Download Client Alert: Does Your Lease Agreement Contain a Right of Refusal or Option to Purchase? If So, You Should Read This.
In Cogdill v. Sylva Supply Company, Inc., filed May 7, 2019, the North Carolina Court of Appeals held in a split decision and as a matter of first impression that a right of first refusal contained in a written lease agreement did not extend beyond the express term of the lease and could not be exercised by a holdover tenant under a year-to-year tenancy created by operation of law. North Carolina courts had previously held that an option to purchase could not be exercised beyond the original lease term under a holdover tenancy. These results make good sense from a legal standpoint because holdover tenancies are not intended to prolong the existence of legal rights and obligations between the landlord and tenant, and are only intended to maintain the status quo for a short period of time during which the landlord can pursue a summary eviction if the tenant refuses either to vacate the premises or to agree to a new written lease agreement. However, from a practical standpoint, Cogdill highlights the importance for tenants to carefully read and understand their lease agreement and not to assume that their rights will extend beyond the expiration of the original lease term. This is of particular importance when exercising and/or negotiating a lease renewal or extension agreement, or when holding over beyond the original lease term. Rights of first refusal, options to purchase, and other interests in property should be clearly documented (and restated, if applicable) so that the intent of the parties is clear.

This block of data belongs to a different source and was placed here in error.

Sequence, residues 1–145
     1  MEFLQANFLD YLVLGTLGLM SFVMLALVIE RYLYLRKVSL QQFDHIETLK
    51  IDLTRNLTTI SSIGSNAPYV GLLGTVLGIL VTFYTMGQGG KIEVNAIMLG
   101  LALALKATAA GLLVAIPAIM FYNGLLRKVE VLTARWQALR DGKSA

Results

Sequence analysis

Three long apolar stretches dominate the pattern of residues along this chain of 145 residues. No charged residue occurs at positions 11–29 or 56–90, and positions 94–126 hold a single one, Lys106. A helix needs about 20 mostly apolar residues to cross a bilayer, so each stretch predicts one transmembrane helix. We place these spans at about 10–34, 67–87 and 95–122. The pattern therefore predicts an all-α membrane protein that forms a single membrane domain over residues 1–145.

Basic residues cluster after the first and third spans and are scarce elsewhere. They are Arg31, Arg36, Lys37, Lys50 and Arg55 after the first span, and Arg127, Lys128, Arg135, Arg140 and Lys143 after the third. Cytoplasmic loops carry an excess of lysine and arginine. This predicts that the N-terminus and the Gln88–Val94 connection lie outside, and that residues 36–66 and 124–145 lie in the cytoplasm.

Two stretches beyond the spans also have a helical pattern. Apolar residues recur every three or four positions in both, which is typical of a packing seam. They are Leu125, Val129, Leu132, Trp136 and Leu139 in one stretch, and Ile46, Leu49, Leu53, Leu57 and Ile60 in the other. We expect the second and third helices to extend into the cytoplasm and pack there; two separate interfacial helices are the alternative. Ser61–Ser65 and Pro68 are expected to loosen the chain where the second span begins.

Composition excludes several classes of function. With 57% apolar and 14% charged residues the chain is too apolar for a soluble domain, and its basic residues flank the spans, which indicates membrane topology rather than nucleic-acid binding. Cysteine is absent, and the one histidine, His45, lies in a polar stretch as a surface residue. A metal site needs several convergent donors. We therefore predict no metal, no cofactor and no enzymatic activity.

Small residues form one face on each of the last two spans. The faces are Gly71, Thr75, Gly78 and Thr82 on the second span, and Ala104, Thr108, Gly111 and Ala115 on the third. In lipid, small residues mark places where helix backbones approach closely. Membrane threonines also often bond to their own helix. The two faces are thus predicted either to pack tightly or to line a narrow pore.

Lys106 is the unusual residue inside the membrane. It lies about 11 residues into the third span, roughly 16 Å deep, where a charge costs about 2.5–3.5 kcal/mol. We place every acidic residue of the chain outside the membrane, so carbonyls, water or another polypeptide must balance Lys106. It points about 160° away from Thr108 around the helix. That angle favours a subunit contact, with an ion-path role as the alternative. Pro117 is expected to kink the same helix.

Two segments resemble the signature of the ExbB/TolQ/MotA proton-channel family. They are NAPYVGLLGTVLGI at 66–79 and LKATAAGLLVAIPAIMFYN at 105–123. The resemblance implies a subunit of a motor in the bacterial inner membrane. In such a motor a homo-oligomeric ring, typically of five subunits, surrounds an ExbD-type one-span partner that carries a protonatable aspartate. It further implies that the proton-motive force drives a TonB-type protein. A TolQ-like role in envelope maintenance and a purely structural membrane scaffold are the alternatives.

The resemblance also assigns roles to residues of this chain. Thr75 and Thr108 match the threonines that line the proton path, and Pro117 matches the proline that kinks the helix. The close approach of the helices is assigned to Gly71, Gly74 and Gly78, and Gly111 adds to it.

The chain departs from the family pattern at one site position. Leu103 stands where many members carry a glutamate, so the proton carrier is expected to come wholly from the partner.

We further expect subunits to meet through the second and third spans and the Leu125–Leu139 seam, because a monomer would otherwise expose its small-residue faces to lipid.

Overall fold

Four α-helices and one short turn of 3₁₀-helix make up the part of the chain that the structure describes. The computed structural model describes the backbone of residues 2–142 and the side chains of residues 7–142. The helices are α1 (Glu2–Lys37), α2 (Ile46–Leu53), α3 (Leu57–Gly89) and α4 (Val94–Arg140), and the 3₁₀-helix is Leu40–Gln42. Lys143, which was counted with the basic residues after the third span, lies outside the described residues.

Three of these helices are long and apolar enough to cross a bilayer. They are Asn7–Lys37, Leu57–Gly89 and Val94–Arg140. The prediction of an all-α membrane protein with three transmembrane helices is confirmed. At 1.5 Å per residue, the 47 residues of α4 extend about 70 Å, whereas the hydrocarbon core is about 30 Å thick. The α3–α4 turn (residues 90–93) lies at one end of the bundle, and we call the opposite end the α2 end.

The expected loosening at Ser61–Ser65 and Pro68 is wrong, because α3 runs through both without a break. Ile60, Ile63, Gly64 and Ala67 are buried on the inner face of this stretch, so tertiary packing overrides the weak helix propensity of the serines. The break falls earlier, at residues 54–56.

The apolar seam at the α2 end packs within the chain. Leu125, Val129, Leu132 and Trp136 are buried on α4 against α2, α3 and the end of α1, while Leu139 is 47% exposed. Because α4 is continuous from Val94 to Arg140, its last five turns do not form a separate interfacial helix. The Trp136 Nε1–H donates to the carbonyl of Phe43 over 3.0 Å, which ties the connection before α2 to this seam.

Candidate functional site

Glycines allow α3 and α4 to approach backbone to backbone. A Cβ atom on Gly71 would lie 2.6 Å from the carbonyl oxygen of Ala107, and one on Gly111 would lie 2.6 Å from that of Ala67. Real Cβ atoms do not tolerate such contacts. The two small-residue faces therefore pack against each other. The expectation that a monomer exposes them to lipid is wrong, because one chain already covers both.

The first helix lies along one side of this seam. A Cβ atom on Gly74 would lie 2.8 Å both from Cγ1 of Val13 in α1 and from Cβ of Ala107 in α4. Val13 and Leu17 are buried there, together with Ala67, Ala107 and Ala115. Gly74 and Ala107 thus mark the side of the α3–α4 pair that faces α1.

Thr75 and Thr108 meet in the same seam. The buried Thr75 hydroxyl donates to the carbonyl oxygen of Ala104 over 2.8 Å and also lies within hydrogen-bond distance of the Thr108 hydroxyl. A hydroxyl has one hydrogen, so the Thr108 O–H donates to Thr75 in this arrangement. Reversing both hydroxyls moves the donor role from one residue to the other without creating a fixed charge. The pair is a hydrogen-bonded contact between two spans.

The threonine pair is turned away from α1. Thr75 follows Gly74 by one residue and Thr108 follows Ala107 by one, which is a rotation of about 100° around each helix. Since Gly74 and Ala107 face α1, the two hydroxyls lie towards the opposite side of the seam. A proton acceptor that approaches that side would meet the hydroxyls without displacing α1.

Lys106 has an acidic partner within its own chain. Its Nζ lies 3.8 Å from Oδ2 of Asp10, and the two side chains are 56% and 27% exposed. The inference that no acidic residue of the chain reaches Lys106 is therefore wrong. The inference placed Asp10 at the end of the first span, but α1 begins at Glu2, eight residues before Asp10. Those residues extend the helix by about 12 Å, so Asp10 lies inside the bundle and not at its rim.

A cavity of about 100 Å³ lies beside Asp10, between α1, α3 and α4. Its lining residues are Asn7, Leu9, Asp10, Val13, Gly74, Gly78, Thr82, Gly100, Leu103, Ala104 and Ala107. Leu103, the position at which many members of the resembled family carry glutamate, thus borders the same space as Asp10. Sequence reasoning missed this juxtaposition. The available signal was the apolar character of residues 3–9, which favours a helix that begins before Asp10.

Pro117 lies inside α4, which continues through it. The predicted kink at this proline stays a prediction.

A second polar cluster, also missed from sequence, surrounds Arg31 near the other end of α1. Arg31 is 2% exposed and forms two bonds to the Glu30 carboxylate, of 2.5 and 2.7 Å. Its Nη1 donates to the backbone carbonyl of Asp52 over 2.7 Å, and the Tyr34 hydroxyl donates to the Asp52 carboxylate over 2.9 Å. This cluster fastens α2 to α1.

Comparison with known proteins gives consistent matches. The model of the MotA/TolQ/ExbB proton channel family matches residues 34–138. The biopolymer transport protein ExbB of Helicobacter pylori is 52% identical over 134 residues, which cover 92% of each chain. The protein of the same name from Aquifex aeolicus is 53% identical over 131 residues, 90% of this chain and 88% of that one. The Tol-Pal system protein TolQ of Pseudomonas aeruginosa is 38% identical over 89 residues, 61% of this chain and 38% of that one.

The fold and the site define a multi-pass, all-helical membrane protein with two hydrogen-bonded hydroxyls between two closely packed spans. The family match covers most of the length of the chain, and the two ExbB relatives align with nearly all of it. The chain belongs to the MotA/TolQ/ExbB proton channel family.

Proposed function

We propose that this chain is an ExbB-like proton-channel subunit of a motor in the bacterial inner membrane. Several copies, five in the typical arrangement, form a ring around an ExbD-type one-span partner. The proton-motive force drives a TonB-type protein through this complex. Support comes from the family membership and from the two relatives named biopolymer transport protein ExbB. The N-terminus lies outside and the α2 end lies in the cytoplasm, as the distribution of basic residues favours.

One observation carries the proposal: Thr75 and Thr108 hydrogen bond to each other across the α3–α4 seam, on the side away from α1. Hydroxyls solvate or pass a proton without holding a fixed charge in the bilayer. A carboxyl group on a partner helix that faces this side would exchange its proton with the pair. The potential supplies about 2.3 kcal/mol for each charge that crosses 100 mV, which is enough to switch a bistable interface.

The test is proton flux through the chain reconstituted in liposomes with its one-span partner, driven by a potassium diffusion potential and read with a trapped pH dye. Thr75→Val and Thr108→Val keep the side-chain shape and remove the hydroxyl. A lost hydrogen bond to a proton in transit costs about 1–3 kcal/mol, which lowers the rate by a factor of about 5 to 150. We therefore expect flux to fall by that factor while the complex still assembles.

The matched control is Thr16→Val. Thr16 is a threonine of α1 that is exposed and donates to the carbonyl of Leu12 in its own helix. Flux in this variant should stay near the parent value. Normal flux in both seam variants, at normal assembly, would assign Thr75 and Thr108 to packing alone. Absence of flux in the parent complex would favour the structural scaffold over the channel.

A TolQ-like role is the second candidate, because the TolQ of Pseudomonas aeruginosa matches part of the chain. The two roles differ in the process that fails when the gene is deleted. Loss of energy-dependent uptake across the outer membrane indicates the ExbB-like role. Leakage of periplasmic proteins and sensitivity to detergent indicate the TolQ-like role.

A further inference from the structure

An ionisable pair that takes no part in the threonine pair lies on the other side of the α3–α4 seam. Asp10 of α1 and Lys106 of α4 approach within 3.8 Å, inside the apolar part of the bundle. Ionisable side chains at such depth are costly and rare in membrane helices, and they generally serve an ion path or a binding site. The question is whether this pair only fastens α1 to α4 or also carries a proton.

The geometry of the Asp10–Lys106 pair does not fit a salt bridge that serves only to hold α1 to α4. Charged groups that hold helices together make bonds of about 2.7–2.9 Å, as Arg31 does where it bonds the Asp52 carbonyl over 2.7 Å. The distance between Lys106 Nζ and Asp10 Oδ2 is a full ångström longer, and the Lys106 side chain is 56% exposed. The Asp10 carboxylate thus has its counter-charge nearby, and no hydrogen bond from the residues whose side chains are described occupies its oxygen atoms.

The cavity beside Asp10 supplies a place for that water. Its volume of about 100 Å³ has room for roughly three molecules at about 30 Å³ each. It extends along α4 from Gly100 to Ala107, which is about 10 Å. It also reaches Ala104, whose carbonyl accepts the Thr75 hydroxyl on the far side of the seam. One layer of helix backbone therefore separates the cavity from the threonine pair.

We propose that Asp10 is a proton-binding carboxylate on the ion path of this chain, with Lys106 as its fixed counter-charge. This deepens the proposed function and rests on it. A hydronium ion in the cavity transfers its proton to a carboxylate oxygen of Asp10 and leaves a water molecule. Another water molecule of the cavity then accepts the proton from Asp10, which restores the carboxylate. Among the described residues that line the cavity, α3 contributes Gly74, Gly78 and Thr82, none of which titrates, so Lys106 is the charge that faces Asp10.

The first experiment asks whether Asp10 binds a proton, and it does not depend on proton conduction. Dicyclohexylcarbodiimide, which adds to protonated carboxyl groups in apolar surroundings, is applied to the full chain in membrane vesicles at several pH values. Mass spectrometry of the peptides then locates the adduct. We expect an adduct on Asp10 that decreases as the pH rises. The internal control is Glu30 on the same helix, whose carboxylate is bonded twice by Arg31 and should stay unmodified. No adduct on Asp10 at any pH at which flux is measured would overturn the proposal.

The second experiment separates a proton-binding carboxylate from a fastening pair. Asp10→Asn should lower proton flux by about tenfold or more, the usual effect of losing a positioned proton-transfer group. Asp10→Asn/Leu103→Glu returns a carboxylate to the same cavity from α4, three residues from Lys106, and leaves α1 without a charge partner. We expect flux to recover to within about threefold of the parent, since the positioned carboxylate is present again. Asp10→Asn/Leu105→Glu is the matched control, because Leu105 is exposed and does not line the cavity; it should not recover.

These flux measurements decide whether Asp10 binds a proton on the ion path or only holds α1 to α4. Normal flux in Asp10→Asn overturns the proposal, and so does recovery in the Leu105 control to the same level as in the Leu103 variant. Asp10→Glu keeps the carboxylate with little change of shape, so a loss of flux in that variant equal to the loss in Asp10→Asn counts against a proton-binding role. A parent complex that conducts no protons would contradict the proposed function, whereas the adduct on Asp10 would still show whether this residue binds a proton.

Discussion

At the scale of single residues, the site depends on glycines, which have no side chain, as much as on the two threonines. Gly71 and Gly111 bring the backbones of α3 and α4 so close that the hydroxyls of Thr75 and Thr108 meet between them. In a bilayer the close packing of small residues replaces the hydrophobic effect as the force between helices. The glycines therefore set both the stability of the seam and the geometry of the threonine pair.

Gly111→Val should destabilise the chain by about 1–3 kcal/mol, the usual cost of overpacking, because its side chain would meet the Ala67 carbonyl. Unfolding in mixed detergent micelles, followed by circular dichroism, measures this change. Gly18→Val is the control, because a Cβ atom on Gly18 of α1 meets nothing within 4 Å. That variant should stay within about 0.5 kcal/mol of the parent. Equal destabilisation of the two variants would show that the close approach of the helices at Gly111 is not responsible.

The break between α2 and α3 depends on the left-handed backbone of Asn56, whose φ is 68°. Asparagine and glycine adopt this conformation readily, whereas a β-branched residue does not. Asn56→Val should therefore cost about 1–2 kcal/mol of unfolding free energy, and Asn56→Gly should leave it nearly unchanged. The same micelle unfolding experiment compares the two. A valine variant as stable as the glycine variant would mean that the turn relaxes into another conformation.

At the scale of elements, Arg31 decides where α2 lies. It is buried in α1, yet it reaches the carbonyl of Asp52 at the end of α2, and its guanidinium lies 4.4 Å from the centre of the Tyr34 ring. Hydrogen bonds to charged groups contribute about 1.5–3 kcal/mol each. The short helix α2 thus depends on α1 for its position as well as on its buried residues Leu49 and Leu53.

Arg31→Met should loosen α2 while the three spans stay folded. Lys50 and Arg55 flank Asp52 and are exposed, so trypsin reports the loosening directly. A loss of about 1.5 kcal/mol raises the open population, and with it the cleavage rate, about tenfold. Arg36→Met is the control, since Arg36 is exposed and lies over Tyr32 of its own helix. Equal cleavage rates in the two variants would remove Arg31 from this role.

Christian regularly represents landlords and tenants in commercial leasing matters, with a special emphasis in the Retail and Hospitality industries. He can be reached at 704.945.2183 or email@example.com.